Thursday, June 19, 2014

What Are We Doing to Our Kids?

I love watching sports (well, MOST sports...LIVE sports...but not golf, live OR on TV. Ugh. No, not golf.), particularly ones that my kids are participating in.

We encourage our children's involvement in activities, and we also try to maintain a healthy balance of faith and family as well. But...BUT, what is happening to our youth leagues? When did they become so...COMPETITIVE and EXCLUSIVE???



More and more I'm seeing these young kids "specializing" in a sport (as in, it's the ONLY one they'll play...ALL YEAR LONG) that is becoming more and more competitive. Our community offers a summer baseball program, has for years. When our oldest was in it, it was simply a fun activity. Along the lines of a "pick up" game of baseball. Show up, play ball, giggle at the silly mistakes the kids made, chat with parents, go home.

Now? Sure, it's still fun...but now there are twice a week practices, on the opposite days of the games, WAY more cheering/rooting/"go get 'em" parent behavior and you know what? I miss "the old days". The "pick up" days of sporting activities.

Then, our second oldest son is on a traveling baseball team. (Replete with tryouts to make the team.) So, add in those practices/games and OH MY GOSH. What have we done to ourselves? It's like baseball, 24/7 (x 3 with our three boys!!) The travel team games are all weekend tournaments...and not a single one of them leaves time on Sunday mornings for church...heck, we're lucky if we can try to squeeze in a Saturday evening mass, with the games on Saturdays, as well.



Here's what I'm seeing, and what concerns me (and I'm just a guilty as the next for allowing it)...sports teams that are becoming more exclusive at a younger and younger age and "team time" cutting into family/faith time and becoming the priority. (Even the "just for fun" teams.) And why?

Why are we treating these kids like they're all mini professional athletes? I mean, let's be honest...how many of these kids will even play a sport at a collegiate level much less become professionals? VERY FEW. So why do we put up with it? With these demands to have kids so involved? So "super scheduled"? So "sports over family" oriented?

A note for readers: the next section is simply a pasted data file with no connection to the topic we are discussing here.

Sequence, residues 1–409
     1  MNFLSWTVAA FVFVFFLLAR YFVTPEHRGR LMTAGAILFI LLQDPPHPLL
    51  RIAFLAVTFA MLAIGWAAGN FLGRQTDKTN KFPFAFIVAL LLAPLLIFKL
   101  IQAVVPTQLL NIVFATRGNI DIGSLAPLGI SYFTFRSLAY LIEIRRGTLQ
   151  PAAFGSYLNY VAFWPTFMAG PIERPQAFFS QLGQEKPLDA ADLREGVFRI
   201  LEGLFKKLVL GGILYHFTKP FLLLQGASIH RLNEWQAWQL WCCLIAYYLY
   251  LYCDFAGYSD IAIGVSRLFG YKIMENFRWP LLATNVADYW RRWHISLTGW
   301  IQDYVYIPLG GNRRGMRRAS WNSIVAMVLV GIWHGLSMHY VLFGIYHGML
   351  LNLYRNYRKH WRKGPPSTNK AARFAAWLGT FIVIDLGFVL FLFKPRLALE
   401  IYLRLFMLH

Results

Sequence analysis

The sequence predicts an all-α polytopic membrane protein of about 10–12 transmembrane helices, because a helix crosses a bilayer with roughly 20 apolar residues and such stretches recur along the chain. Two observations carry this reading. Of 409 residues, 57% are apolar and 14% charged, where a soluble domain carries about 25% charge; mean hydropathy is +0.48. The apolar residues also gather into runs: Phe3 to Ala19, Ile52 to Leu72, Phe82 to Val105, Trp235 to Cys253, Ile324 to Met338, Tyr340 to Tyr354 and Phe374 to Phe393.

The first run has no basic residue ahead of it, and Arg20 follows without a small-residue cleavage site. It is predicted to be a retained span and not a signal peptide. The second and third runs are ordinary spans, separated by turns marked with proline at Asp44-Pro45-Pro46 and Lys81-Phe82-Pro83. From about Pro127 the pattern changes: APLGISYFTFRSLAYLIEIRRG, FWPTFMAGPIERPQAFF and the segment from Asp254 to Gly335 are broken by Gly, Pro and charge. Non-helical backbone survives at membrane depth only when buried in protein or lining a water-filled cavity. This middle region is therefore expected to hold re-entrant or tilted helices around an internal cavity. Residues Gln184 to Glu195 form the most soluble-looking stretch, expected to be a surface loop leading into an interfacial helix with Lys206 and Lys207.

What are we doing to our families by running our ever loving butts off day in and day out, missing meals, high fiving our spouses in crossing as we each race a different kid to a different sport? Why?

I fully know and accept that I (me, myself and I...well, and my husband) am responsible for saying "yes" to our boys being involved...but I am also fully aware of the importance of involvement in activities/sports for youth. Especially living in a small town where a teenager's options are: 1. Sports involvement or 2. Partying. I'll gladly take what's behind door number 1, but goodness. Can there be a better balance?



It seems as though, if your child isn't involved/moving up with his peers on these competitive teams, that he/she will not evolve into a varsity level player, which means that when they enter high school, if they aren't involved from a young age, they will (most likely) sit on the bench...and how long does THAT stay fun? 

How do you keep a kid involved when all they do is sit on the bench? And I'm NOT saying that all kids deserve a chance to play on varsity teams...heck no, varsity is varsity and your best players play. I get that. But it seems as though, if you don't make the commitment to a sport at a young age, that your child will be warmin' the bench when they get to high school.

And then we wonder why there is an obesity epidemic...when we are making these teams so exclusive at such a young age. Used to be that we had time when we were younger. Time to meet up with neighborhood kids and play kickball or baseball or tag and run around and burn energy (energy = calories). Now? Now we're discouraging mediocre kids from playing sports because we're only selecting the very best. So what's a mediocre kid to do but go home, play video games and eat Doritos when he's not good enough to make a team?

Maybe that's a little dramatic...or is it? When you've got a class of 200 and you select 12 of the very best to play on a team. What about the rest? What else are their options?

I don't have any answers...I wish I did. All I know is that I'd love nothing more than for there to be a healthy balance between activities and faith/family. A greater respect for honoring and respecting family values over sporting events.

If anyone has the answers, please, speak up! :)



6 comments: